180 years ago today, 3 June, three Sisters of Mercy from the Baggot Street Community —Francis Creedon, Ursula Frayne and Rose Lynch— arrived in St John’s to commence the Works of Mercy there.
This date marks both the establishment of the Congregation of the Sisters of Mercy of Newfoundland and of the first community of the Sisters of Mercy in the New World. Read more about those first Mercy Sisters (and the 57 young Irish women who went from Ireland to join the Newfoundland Congregation between 1842 and 1907) in the book “Standing on Their Shoulders” (PDF) by Charlotte Fitzpatrick rsm.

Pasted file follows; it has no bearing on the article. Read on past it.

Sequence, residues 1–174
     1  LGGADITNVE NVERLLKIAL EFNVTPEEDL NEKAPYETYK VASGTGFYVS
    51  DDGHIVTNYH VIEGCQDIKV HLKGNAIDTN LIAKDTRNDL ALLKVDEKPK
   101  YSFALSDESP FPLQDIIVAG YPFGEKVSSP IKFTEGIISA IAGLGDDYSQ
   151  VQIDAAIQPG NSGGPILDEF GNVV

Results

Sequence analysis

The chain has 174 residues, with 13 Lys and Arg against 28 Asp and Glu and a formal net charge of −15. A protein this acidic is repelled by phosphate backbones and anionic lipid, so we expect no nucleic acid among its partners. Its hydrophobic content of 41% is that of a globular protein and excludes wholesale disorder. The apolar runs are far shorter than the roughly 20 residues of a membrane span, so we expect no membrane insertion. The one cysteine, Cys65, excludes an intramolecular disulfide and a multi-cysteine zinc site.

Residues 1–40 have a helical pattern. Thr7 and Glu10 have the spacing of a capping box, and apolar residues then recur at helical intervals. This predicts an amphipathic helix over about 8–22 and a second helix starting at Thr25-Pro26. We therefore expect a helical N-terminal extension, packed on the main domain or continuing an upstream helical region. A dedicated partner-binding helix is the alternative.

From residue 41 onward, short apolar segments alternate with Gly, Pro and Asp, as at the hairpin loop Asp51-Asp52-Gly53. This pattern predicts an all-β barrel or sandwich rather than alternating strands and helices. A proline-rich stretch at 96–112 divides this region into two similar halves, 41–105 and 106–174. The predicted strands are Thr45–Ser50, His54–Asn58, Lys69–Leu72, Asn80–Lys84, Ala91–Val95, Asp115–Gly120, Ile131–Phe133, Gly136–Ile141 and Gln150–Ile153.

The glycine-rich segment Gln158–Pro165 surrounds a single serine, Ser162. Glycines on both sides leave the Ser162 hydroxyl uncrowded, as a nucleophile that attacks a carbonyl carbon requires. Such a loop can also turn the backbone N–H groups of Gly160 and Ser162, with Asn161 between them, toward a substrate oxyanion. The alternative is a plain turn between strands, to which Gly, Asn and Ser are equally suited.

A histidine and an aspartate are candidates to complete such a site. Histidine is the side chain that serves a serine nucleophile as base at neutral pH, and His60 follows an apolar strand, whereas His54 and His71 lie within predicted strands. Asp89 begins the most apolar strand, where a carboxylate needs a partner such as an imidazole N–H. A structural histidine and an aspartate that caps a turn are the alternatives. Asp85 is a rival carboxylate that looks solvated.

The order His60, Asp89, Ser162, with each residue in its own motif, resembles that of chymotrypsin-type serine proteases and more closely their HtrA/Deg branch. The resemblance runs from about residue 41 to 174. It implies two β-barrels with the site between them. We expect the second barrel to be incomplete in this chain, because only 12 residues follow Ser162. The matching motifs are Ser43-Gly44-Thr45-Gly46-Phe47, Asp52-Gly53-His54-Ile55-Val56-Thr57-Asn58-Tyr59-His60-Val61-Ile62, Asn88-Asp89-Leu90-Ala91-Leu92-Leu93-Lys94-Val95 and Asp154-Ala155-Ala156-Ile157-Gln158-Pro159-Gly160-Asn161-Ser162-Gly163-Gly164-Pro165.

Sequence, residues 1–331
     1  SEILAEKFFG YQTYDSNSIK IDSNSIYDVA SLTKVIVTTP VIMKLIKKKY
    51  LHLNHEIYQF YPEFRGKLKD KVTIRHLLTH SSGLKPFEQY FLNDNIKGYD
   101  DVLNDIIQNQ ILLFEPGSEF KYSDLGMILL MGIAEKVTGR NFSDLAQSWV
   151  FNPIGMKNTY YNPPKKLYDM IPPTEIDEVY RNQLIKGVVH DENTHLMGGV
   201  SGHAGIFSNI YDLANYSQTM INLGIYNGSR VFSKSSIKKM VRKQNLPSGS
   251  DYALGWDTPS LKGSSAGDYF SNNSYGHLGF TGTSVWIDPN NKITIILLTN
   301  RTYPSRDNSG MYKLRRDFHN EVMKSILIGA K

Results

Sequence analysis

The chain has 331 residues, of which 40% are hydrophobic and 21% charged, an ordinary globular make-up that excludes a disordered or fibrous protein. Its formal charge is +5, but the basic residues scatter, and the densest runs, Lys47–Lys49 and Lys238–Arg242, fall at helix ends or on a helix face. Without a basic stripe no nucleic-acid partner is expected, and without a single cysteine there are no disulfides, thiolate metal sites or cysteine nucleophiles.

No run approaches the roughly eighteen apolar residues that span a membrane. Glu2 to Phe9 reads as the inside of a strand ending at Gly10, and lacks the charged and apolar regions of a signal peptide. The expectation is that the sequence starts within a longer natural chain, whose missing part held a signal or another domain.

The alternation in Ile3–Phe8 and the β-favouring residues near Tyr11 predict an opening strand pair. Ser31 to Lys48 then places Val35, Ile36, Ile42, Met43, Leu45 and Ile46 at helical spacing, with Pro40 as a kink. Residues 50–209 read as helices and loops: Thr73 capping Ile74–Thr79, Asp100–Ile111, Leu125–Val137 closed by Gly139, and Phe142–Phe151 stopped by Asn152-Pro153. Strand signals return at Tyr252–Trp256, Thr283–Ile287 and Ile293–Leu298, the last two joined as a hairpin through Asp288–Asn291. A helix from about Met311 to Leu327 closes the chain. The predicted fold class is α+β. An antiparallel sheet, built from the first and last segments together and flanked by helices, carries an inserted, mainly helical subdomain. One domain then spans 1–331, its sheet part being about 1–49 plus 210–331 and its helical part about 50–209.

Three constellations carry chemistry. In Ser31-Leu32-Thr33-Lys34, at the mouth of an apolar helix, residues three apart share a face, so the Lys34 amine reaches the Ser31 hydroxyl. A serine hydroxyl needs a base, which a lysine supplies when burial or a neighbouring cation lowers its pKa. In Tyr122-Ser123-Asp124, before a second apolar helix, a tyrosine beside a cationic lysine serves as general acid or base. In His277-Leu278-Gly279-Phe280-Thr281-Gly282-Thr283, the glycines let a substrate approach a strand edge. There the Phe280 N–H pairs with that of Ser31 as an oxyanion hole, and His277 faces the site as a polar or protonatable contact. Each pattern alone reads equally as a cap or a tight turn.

Among the ministries the Mercies in Newfoundland are engaged in today is The Gathering Place, established in 1994 as a joint project with the Presentation Sisters. This Centre is frequented by people who are displaced – those struggling with hunger, abuse, mental illness, physical disabilities and addiction, and is for many their only safe place to go. The programs and services are offered through a volunteer-driven operation by more than 2000 people committed to ‘building community, promoting equality and providing nurture and nourishment for those seeking respite from isolation and loneliness’.